They lost that match – and Schmidt vowed to change his approach for the next visit to Cardiff.
Regardless of the format, make sure you record your next piece of verbal communication.
Watch it back.
Ask yourself if you were happy with what came across – and what you would change for next time.
By doing so, you turn self-criticism into self-analysis.
And like Joe Schmidt, that kind of approach will take you far.
He won the Six Nations Championship in both 2014 and 2015 and goes into this year’s World Cup determined to win that too.
We worked a lot with Glasgow Warriors last season before their Pro12 title victory.
The key to their communication was simple: predict success.
All too often in Scotland, we talk ourselves down – and predict failure.
When we run presentation skills sessions, we often hear these comments before people take to the podium:
“I’m terrible at this”
“This is going to be awful”
“I’m going to forget my words here – I just know it”.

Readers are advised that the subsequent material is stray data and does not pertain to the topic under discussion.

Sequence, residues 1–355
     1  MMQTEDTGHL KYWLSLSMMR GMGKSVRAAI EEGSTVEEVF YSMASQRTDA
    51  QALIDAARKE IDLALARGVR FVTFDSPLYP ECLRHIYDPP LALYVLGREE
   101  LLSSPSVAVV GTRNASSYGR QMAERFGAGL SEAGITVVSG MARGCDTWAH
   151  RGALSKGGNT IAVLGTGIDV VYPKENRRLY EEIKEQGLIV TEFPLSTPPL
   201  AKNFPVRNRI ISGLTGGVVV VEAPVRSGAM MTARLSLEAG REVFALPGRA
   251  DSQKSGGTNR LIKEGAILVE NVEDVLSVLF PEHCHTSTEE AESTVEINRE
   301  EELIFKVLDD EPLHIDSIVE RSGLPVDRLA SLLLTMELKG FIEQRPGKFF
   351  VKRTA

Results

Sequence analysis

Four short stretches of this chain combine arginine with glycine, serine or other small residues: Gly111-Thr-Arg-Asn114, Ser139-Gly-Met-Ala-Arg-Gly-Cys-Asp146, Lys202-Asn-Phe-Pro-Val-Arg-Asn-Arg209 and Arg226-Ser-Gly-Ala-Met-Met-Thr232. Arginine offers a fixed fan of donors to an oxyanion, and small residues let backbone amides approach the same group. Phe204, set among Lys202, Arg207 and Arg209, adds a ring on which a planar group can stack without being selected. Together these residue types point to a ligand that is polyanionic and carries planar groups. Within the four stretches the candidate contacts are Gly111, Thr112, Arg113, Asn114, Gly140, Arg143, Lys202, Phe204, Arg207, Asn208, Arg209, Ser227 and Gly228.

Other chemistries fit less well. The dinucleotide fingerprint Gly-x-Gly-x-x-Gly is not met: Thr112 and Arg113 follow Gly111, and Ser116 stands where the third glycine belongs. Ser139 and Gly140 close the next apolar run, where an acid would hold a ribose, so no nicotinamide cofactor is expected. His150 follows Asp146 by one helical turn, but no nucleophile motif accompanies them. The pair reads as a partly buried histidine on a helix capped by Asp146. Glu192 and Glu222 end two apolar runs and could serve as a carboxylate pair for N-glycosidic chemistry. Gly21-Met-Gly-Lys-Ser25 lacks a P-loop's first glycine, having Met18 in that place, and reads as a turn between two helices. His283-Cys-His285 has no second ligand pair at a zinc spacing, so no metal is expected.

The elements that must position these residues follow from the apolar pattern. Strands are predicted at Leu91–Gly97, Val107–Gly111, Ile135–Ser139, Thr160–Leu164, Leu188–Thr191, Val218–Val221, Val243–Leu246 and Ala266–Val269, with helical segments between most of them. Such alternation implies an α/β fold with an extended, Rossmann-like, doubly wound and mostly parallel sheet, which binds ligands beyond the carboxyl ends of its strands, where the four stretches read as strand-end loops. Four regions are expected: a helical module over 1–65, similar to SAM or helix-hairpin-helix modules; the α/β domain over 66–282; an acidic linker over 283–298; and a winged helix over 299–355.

Without realising it, you’re telling your body to prepare for this being terrible and awful – and to expect to forget your words.
Instead, use the Glasgow Warriors approach.
They told their fans and the media that their goal was to win the Pro12 – and they’ve achieved that.
They now plan to be the best side in Europe.
Only time will tell if and when that becomes a reality, but one thing is sure: by predicting success, you tell your body to expect it, and you make it more likely to happen.
Every single New Zealand player will go onto the pitch in every game in this World Cup believing they are going to win.
In six weeks’ time, we’ll all know if they were right.
Andrew McFarlan is director of media training and presentation skills firm Pink Elephant Communications in Glasgow.
You can view his full profile here.